Friday, January 14, 2022

Freeform Friday: The Sentence - Louise Erdrich

Summary: Louise Erdrich's latest novel, The Sentence, asks what we owe to the living, the dead, to the reader and to the book. A small independent bookstore in Minneapolis is haunted from November 2019 to November 2020 by the store's most annoying customer. Flora dies on All Souls' Day, but she simply won't leave the store. Tookie, who has landed a job selling books after years of incarceration that she survived by reading with murderous attention, must solve the mystery of this haunting while at the same time trying to understand all that occurs in Minneapolis during a year of grief, astonishment, isolation, and furious reckoning.

The Sentence begins on All Souls' Day 2019 and ends on All Souls' Day 2020. Its mystery and proliferating ghost stories during this one year propel a narrative as rich, emotional, and profound as anything Louise Erdrich has written. (Summary and pic from goodreads.com)

My Review: I haven’t read every single one of Louise Erdrich’s books, but I have read a few. If you haven’t, you should get on that. She’s one of the great modern authors we have right now, and I especially love that she is Native American and writes about issues of Native Americans in our society today, but also just gives their stories a voice, and allows us as readers to see that they are not only historical people of this land, but also modern people living a modern life right alongside us today.

This book surprised me, because I found it more whimsical than other books I’ve read by Erdrich. There were hard-hitting issues, as always, but mostly it was a good story about people who work together in a bookstore, and as this book is recent, they face recent issues such as Covid and all the things that came with the original shutdown. I have to admit that reading about this brought me right back there—the initial scare of Covid and not knowing what it meant, the shutdowns and fear and spread of it all (although looking back now, those numbers were nothing compared to what we faced or even what we’re facing today!). It was just such a great change from what we’d been used to. Things have never been the same, and I feel like Erdrich was able to capture that whole feeling very well. Another issue that became part of the story was the shooting of George Floyd. This has also changed society as a whole and has repercussions that we are still dealing with today. These two issues alone made The Sentence feel very modern and applicable to us and what we’ve been facing. Reading about issues can help us process and understand what we’re feeling and what we’ve experienced, and I think that these two issues in particular have enough distance and yet presence today that we can start evaluating what they mean and what our collective experience has been.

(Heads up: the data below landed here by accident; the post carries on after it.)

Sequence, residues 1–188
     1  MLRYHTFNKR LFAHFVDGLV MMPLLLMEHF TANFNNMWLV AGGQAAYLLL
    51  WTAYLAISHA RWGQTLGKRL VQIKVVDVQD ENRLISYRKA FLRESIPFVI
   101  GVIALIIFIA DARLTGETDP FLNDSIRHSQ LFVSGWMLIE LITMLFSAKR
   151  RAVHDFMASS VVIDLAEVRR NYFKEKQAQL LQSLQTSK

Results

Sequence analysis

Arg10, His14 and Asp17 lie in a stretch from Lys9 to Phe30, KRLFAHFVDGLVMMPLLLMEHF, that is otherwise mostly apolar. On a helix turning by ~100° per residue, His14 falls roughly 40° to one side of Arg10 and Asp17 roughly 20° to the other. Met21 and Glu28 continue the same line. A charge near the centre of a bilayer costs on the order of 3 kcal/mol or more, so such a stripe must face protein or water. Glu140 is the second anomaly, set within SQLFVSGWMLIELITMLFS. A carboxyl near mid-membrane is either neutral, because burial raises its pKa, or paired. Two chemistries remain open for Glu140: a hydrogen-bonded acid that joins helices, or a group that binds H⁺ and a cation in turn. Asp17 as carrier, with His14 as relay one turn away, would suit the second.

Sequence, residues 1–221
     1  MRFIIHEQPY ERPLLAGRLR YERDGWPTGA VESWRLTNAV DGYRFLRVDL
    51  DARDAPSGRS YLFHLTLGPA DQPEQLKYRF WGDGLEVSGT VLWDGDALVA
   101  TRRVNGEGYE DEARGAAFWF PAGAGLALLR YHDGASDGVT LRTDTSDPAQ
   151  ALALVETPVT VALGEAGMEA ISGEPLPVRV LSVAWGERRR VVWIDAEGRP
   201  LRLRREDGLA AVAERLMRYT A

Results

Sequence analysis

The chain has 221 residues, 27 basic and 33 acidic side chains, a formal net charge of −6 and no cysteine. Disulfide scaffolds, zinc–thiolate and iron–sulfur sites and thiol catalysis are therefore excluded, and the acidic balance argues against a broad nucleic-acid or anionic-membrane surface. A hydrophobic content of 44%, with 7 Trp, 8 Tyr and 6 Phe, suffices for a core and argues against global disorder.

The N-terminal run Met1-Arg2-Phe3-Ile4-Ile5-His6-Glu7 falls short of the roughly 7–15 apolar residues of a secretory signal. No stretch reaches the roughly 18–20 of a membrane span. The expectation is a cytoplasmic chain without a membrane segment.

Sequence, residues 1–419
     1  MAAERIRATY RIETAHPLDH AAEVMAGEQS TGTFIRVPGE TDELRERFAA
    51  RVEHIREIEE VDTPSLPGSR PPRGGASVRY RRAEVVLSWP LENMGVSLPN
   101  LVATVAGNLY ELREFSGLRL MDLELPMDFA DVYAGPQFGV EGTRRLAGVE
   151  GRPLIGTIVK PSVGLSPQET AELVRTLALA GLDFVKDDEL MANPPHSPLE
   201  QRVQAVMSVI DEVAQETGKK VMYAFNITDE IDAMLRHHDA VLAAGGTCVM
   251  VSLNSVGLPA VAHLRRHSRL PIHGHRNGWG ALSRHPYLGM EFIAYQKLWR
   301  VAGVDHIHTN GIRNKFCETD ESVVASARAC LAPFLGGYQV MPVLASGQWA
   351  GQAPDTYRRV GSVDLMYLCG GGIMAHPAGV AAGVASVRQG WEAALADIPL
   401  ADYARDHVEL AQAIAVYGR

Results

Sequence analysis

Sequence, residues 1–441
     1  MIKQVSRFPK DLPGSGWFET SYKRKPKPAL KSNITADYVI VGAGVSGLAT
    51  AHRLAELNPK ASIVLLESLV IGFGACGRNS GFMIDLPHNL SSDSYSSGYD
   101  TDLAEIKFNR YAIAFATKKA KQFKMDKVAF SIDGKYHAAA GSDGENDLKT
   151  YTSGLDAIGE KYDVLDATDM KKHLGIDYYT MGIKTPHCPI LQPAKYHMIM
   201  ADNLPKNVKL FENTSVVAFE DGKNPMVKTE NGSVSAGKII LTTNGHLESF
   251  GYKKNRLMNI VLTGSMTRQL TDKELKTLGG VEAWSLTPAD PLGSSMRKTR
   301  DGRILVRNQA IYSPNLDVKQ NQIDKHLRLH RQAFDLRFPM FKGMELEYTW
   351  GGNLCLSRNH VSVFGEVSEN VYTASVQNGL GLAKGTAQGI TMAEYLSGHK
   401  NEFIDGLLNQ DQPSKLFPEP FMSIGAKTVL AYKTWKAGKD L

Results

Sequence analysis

In addition to the modern happenings in this book, I enjoyed the different family relationships that were explored. The older I get and the more people I meet, and the more circumstances change in my extended family, I understand personally how complicated family relationships can be. There can be love and difficulty at the same time, and relationships are not static. Things change, and circumstances ebb and flow. I appreciated how this was showcased in this story, and how Erdrich was able to capture both complications and love in the story.

The Sentence is also a ghost story. This part of the story was equal parts sinister and whimsical, and I thought it was fun but also a nice way to address relationship issues and social issues as a whole. This particular part of the story, including the bookstore, allowed for more discussion about cultural issues and cultural identity, for which Erdrich is not only known for but excels at.

If you are a lover of Erdrich, which I know MANY people are, you no doubt need to read this book. If you have never read Erdrich, I think this is a good book to start with, especially if you are a lover of authors like Barbara Kingsolver who tell excellent stories but are also able to address social issues.

My Rating: 4 Stars

For the sensitive reader: There is some language and some light discussion of sex.

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